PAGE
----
De Minimis Safe Harbor: For Self-Employed, Non-Employees, and Gig Workers!

Let us rejoice in the topic of Tangible Property Expenses: Originally a Reddit Post

Skip to the end for the link to the website. I'm also going to add some photos from the website on how to fill out the Schedule C form. 

Let me start by saying I am not a licensed professional, a mere civilian trying to help out other civilians who don't want to pay for a service that will cost as much as your expected return. A tiny amount but well worth the work to keep it in your pocket. I've had dealings with a 1099-Misc when I should've been considered an employee and I also worked as server for over 10 years, I know a thing or two about taxes and hardship. 

Basically, this law--De Minimis Safe Harbor--allows you to claim individual items less than $2,500 (as of 2016, previously was $500) as an expense for one year. These items must be used for business/work purposes only. This allows gig workers or small business owners to claim expense/get returns quicker than using the dreaded depreciation rule every year. You do have to attach a statement to your return claiming that you are using safe harbor, the official statement is listed on the website as well as the IRS website.

Yesterday I was researching this tax laws for hours and I struggled to find a situation close to mine. A lot of articles cater to business owners and not non-employees aka contract workers, and I'm grateful to have found the one I linked below. As you know, this blog is here to save you any extra time I can by doing the research for you. My guess is that the lack of articles out there now are likely due to this being a relatively new law (due to an increase in non-employee/gig workers). Sometimes it's helpful to know situation specifics, read below if that is true for you.

My Situation

I found a side gig monitoring zoom conference sessions, I had just moved and wanted to make a little something on the side while I got something more permanent. Unfortunately, my personal laptop was over 10 years old and I needed it to be able to handle minor video editing. So I inevitably had to purchase a pretty expensive laptop. The job was only a few days a week, so that meant I couldn't claim 100% usage, but I could claim some of it. This is where you need to be careful, only claim the percentage of usage you actually do for WORK. I didn't find any sources saying there was a formula for this, so I took my best guess on how much I actually used my laptop for work.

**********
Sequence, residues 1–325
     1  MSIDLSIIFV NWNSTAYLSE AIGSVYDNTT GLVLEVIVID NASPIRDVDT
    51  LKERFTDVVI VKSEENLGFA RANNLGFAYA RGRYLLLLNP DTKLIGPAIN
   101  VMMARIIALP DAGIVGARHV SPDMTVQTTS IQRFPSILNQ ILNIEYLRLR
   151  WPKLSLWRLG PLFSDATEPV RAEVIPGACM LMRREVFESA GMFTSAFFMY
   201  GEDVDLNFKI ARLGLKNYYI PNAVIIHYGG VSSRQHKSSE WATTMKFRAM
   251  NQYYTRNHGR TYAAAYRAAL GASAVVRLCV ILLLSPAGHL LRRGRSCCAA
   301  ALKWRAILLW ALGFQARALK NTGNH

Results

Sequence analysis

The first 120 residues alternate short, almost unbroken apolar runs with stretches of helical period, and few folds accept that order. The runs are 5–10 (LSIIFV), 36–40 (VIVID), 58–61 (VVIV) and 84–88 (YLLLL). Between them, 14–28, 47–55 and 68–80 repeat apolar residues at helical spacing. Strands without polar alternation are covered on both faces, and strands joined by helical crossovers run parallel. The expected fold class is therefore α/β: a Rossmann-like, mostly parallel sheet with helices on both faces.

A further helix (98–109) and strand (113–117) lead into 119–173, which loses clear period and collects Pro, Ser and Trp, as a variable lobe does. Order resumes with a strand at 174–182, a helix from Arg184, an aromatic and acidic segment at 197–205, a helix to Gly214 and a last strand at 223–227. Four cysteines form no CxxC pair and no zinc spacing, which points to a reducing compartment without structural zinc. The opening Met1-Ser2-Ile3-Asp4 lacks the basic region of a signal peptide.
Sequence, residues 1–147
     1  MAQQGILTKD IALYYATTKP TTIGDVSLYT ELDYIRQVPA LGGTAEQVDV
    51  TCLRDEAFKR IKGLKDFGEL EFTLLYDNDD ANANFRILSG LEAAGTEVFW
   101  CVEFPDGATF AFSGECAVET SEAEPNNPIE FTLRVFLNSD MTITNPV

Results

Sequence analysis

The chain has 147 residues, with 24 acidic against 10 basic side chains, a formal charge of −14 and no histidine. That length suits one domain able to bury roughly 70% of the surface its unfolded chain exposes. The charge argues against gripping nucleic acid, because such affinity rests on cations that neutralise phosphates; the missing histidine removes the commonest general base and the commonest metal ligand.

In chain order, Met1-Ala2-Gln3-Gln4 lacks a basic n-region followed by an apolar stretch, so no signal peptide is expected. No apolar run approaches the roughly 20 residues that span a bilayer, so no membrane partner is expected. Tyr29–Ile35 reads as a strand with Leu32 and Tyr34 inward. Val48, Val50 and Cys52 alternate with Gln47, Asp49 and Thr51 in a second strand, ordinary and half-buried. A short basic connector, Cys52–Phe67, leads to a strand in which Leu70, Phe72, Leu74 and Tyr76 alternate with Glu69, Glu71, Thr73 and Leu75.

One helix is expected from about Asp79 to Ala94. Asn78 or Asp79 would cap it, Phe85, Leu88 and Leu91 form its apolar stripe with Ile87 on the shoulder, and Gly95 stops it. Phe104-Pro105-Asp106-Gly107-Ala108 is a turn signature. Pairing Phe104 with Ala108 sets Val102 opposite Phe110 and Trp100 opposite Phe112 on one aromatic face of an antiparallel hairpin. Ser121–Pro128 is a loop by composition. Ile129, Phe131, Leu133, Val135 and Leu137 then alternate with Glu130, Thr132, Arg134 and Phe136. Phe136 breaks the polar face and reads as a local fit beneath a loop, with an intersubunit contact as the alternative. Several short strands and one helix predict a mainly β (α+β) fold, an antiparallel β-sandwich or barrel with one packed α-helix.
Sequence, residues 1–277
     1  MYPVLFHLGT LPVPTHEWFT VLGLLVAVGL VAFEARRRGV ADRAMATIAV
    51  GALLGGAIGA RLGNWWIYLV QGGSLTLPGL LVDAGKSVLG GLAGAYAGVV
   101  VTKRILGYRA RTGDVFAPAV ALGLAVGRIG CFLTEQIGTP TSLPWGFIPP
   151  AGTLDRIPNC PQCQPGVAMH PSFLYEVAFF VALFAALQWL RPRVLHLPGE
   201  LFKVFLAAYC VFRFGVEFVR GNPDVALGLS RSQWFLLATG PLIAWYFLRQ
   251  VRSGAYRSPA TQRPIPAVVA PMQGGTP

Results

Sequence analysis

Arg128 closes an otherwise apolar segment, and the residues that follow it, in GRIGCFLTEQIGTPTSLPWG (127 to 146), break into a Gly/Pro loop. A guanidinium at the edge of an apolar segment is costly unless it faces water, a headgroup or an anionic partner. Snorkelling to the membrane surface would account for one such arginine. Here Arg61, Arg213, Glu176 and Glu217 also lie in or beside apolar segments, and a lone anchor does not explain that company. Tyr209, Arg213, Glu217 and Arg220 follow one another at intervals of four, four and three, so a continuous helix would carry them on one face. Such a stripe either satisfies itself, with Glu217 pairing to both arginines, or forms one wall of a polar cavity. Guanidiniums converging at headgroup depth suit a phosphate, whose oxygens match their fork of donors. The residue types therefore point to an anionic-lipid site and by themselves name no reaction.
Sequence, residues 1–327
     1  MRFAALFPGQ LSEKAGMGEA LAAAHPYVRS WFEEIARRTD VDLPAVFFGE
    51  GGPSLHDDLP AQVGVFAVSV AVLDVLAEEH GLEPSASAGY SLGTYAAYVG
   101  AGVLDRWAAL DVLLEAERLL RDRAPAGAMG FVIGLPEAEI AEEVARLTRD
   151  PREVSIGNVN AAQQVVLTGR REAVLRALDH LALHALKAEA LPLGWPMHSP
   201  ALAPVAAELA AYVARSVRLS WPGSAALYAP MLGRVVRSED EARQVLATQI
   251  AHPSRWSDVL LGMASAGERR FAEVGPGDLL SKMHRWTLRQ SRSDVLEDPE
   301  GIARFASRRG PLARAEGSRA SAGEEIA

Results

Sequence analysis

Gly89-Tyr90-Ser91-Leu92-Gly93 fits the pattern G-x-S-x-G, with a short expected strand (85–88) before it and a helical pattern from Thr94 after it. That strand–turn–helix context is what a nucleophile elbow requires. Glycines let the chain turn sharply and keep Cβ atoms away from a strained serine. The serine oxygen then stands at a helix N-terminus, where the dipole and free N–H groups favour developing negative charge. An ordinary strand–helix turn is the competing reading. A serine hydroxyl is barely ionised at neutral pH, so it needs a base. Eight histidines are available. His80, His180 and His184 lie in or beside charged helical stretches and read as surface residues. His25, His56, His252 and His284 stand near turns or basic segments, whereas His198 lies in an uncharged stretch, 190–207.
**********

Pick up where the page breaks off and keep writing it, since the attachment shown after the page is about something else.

My best guess was safe, 20% for work, some of you may push the limits but I'm not really a risk taker. Just be smart. In any event, this would mean I would take 20% of the laptop price and write that number down on Part II, Line 27a  (Other Expenses) and on the line under Part V - Other Expenses. I felt like I had mastered the art of legal tax evasion, look at me go! 20% of that laptop is basically what I would have paid for a tax professional to tell me to do just that. 

I know I'm supposed to be your one stop shop, but do click the links and research on your own if you aren't convinced. The topic you are looking for would be "Tangible Property Expenses". I did try reading related information from the IRS website, but it was a bit difficult to understand some of the language, they also don't really give good examples or provide links to forms for reference while reading. And, it's literally scrolling until you are 100 years old through wordy black text. Confusing on purpose right?

Also, I found out that as of 2020, the IRS passed a law that companies with non-employees have to send a 1099-NEC vs the 1099-Misc, due to the rise in the gig economy that I mentioned earlier. Makes sense looking at the two forms, the misc is way too broad and applies more to entrepreneurs or legitimate contract workers. The latter usually have a significant amount of write offs from large purchases.

Validation from Reddit

"You are correct. You could also utilize section 179 or 168k (100% bonus depreciation) to write off asset purchase in year 1. By the way, if you file Schedule C you are considered a business owner. Also, you should consider a career in accounting! Perhaps a as a seasonal tax preparer? You certainly have the aptitude!" -- An acclaimed CPA Reddit User

"The de minimis safe harbor definitely is a better option if it's available. You have to worry about potential depreciation recapture with either the section 179 expense deduction or bonus depreciation, but not with the safe harbor election." --Other Reddit User

Here is the link to the website I referenced above and if you have anything to add, leave a comment!

Schedule C Form Pt. II and Pt. V

See line 27a for where to report expense, remember work usage only.

Fill out the same information in Part V and describe expense to the left.


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